Arddun Heydydd Arwyn (Prifysgol Aberystwyth University)
The trickster as an agent of empowerment and resistance in the narratives of German refugees and expellees, 1944-1948
This paper contributes to our understanding of refugee agency and victimhood by exploring ‘trickster’ narratives in the memories of Germans displaced by the 1944-45 Soviet invasion of Germany. Among the many accounts of victimhood and powerlessness at the hands of the Red Army several tales of resourcefulness and resistance stand out. In these stories the refugee ‘trickster’ narrator overcomes their subordinate position by undermining Soviet power through cunning and wit. Narratives in this form occur in a range of circumstances, including surrounding obtaining food, escaping sexual violence, and bartering. Such stories are significant as they provide an insight into how German refugees negotiated powerlessness and trauma by drawing on widely recognised cultural archetypes like the ‘trickster’. This case study has further significance as the German refugees belong to a perpetrator nation and so these narratives are complicated by German victimhood being inextricably linked to the crimes of the Third Reich. The paper, therefore, also problematises individual narratives of empowerment, displacement, and victimhood within the broader historical landscape of the end of the Third Reich and early Cold War.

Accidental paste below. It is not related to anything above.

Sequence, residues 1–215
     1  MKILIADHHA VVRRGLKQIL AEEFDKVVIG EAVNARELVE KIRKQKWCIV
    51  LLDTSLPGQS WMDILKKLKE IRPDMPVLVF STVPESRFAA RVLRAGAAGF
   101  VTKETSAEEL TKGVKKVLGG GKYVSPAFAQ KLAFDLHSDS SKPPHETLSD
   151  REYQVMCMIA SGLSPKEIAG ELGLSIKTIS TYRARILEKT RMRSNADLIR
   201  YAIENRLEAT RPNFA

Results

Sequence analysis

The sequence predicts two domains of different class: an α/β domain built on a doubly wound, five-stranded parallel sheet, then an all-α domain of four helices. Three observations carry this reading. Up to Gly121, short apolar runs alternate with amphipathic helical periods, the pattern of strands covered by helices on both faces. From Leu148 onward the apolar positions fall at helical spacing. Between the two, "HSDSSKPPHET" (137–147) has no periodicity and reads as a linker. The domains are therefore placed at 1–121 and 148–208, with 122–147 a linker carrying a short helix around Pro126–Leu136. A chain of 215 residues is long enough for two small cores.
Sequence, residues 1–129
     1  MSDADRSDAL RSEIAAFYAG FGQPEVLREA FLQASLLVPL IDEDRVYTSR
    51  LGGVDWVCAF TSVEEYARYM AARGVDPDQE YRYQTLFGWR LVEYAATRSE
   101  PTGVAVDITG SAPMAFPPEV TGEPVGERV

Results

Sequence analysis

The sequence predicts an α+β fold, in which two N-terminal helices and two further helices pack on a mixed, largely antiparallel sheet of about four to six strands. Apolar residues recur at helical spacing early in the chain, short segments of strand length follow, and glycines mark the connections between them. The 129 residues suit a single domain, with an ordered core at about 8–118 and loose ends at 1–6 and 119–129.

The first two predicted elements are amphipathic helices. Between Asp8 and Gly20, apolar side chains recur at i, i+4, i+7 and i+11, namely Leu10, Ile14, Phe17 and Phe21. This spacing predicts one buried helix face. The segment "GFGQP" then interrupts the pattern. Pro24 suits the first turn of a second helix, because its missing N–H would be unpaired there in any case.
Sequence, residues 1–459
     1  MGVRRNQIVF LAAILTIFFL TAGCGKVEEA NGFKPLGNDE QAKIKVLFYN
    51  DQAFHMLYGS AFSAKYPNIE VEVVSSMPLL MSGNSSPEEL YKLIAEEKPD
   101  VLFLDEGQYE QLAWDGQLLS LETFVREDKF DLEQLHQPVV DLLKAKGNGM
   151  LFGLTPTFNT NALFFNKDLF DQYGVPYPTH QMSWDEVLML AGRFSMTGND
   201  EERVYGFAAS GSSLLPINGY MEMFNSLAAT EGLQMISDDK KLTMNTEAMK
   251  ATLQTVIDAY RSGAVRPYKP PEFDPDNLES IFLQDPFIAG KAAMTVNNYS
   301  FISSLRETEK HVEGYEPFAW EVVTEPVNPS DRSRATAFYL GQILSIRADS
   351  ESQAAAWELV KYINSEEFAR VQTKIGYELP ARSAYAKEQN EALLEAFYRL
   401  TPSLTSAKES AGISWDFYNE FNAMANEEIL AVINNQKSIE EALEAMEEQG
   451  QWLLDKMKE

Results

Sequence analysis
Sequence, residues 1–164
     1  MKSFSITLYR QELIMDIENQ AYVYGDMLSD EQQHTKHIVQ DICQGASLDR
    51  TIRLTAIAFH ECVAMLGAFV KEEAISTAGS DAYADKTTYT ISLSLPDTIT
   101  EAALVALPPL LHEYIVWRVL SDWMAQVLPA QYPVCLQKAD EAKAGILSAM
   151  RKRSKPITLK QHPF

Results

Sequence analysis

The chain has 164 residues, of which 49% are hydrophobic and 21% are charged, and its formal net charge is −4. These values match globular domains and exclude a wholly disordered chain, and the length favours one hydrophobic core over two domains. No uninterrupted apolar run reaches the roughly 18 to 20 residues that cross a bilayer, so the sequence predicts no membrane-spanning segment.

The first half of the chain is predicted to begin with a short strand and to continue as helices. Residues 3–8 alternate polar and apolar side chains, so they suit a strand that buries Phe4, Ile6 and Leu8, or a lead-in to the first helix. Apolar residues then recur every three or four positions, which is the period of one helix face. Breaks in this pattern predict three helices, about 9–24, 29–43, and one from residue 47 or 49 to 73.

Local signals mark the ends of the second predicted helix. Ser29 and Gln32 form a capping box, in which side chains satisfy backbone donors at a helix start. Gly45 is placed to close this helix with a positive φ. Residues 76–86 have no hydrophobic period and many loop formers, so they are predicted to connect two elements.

Megan Bradley (McGill University)
Realizing the right of return: refugees’ roles in localizing norms and socializing UNHCR
Refugee repatriation rests on a fundamental norm: the right of return. UNHCR styles itself as the chief defender of international norms on refugees, socializing states to respect the rules of the refugee regime. However, UNHCR initially devoted little attention to the right of return. When UNHCR started engaging more actively with repatriation in the 1980s, it had only a nascent institutional conceptualization of the right of return and assumed sovereign states had essentially unfettered discretion in its implementation, which the agency framed as a non-political, humanitarian undertaking. Drawing on UNHCR archival material on repatriation movements to El Salvador in the 1980s, this article examines how refugees themselves have influenced the governance of return by serving as norm entrepreneurs, localizing the right of return and socializing UNHCR to rethink and support broader interpretations of this principle. It analyzes how Salvadoran refugees envisioned the right of return as a collective and deeply political process of asserting citizenship claims, and took direct action to implement this right, compelling UNHCR and government actors to adjust to their vision. These experiences have important implications for understandings of the right of return, and refugees’ roles as actors in norm localization and socialization processes.
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